Federal Circuit Finds Direct Infringement When Multiple Parties Perform Separate Steps of a Patented Method
August 17, 2015

On August 13, 2015, the Federal Circuit in Akamai Technologies, Inc. v. Limelight Networks, Inc., No. 2009-1372, ruled en banc that there was direct infringement of a method patent, although the claimed steps were not all performed by one entity. This ruling will likely foster a major expansion of direct infringement allegations, under 35 U.S.C. §271(a), as to method patents.

The Federal Circuit rendered this important decision in response to the Supreme Court’s reversal of an earlier Federal Circuit decision finding active inducement, which included a remand to 'revisit the §271(a) question, if [the Federal Circuit] so chooses.' Limelight Network, Inc. v. Akamai Techs., Inc., 134 S. Ct. 2111, 2120 (2014).

Sitting en banc, the Federal Circuit determined that direct infringement can be found when there is 'participation in an activity or receipt of a benefit upon performance of a step or steps of a patented method and establishes the manner or timing of that performance.'  'In those instances, the third party’s actions are attributed to the alleged infringer such that the alleged infringer becomes the single actor chargeable with direct infringement.'

In addition, the Federal Circuit summarized that a party may be liable for direct infringement, even when a step is performed by another, where the party and the other party form a joint enterprise, which requires proof of (1) an agreement among members of a group; (2) a common purpose to be carried out by the group; (3) a community of pecuniary interest in that purpose among the members; and (4) an equal right to a voice in the direction of the enterprise, which gives an equal right of control. The Court further noted that direct infringement of method claims by multiple parties “is not limited solely to principal-agent relationships, contractual arrangements, and joint enterprises,” and vacated the earlier Federal Circuit panel decision that so held. Indeed, in footnote 3 of the en banc decision, the Federal Circuit overruled all of its earlier decisions to the extent that they too were based on this incorrect view of the law of direct infringement of method claims.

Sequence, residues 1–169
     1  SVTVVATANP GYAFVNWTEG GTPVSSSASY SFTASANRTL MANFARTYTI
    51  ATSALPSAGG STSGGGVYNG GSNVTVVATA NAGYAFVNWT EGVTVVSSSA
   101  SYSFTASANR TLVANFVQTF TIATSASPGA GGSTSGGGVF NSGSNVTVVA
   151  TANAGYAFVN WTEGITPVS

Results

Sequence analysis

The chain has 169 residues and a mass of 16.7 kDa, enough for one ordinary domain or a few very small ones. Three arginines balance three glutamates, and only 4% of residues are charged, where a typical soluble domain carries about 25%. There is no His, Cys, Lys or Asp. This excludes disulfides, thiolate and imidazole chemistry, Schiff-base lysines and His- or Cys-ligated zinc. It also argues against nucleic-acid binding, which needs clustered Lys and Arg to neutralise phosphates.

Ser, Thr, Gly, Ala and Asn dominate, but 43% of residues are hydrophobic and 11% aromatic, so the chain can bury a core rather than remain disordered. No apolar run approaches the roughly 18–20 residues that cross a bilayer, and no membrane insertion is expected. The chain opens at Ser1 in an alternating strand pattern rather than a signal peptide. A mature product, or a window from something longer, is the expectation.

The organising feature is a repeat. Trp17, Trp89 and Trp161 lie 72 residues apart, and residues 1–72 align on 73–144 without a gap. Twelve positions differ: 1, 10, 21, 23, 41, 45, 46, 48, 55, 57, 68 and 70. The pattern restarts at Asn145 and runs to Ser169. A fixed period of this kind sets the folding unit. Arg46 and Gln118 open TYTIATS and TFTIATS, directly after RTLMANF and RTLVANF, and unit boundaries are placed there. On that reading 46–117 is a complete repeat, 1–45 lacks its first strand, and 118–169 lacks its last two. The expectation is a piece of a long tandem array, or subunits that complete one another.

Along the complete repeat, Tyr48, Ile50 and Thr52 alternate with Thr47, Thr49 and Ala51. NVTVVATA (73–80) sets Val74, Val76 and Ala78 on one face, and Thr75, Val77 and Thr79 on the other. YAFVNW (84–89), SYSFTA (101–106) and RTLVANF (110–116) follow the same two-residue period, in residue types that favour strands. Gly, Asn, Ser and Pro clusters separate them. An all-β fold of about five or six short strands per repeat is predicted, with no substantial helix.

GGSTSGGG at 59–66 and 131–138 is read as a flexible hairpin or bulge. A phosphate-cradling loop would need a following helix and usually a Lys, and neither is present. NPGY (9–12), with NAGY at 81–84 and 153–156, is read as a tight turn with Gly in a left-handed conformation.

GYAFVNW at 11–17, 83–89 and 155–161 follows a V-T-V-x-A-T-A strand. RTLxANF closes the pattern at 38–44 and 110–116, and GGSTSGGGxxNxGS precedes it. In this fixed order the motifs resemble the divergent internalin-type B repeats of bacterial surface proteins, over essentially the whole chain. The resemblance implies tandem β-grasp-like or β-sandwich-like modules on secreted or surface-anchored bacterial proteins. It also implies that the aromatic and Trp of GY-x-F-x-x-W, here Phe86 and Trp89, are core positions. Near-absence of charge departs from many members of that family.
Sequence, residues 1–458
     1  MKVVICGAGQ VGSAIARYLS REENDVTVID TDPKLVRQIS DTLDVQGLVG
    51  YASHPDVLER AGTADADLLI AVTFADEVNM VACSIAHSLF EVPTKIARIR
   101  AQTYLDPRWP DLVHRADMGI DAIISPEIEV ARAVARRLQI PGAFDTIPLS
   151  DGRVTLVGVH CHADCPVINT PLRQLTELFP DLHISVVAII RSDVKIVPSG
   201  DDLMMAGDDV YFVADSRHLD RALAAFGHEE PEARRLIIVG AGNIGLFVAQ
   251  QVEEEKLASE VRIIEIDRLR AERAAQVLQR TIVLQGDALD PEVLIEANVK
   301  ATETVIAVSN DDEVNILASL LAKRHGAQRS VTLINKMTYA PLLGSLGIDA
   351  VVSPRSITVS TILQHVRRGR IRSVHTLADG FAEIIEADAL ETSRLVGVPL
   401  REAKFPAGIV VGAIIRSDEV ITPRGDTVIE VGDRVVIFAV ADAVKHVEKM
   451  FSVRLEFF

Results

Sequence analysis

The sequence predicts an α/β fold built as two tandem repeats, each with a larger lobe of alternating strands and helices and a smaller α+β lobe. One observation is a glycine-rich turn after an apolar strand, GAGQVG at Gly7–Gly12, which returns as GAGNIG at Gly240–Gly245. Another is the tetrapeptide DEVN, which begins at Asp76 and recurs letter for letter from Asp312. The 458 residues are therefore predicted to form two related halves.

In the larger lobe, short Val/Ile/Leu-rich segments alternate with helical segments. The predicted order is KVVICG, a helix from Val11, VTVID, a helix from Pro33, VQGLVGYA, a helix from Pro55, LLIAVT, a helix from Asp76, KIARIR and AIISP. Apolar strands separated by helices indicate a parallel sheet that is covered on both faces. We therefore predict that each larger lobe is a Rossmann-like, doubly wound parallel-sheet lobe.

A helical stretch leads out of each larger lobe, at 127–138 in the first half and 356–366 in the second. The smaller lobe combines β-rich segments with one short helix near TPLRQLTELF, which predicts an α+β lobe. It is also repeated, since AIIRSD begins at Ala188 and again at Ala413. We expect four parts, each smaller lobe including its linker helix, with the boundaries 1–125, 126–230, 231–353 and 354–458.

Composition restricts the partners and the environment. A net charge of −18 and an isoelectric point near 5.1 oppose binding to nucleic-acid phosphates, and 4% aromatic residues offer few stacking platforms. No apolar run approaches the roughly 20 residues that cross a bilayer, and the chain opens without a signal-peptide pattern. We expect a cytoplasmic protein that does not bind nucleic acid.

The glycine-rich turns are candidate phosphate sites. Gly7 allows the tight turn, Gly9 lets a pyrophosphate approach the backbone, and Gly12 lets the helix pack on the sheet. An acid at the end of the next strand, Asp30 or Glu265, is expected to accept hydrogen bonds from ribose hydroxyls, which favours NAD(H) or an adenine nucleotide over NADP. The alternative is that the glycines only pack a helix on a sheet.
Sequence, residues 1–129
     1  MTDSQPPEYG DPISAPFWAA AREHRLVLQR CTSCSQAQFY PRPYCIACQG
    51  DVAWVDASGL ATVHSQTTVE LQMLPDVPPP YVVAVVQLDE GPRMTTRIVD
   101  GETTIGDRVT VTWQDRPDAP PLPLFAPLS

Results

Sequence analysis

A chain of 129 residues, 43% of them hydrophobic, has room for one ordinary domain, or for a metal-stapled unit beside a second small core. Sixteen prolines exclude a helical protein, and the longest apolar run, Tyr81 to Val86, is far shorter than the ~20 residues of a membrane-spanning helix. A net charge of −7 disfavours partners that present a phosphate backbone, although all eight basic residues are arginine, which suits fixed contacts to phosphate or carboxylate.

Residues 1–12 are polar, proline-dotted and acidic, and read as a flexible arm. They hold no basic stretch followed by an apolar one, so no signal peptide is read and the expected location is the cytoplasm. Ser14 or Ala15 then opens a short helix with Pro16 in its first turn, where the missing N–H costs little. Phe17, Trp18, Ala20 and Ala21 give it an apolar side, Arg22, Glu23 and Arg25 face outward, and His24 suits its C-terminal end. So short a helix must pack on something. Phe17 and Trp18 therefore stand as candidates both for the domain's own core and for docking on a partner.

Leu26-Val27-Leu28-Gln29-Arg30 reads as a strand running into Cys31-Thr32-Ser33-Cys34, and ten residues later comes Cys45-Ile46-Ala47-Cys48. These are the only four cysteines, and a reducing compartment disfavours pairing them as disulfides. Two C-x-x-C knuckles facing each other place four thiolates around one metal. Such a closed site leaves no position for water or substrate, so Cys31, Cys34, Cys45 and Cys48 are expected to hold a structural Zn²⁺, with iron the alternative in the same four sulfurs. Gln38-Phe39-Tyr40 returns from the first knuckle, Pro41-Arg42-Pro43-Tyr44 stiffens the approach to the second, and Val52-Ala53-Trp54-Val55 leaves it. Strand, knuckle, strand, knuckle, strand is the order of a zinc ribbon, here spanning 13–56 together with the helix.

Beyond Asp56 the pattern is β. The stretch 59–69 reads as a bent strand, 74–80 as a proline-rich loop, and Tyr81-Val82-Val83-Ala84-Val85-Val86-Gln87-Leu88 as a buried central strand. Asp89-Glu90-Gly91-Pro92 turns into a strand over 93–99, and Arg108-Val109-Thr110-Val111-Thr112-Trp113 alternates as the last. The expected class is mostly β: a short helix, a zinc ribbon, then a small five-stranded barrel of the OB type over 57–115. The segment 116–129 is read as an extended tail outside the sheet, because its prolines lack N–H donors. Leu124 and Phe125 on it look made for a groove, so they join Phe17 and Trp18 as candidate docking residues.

This Federal Circuit en banc decision is noteworthy in that it makes clear that a single actor need not actually perform every step of a clamed method patent, and that a party asserting direct infringement need not be limited to a principal-agent relationship, contractual language, or a joint enterprise. As to the exact factual contours of a legally sufficient direct infringement allegation, the Federal Circuit noted that it was outlining the governing legal framework in its decision, and that “other factual scenarios may arise which warrant attributing others’ performance of method steps to a single actor.” Accordingly, this area of the law will rapidly develop over the next few years.

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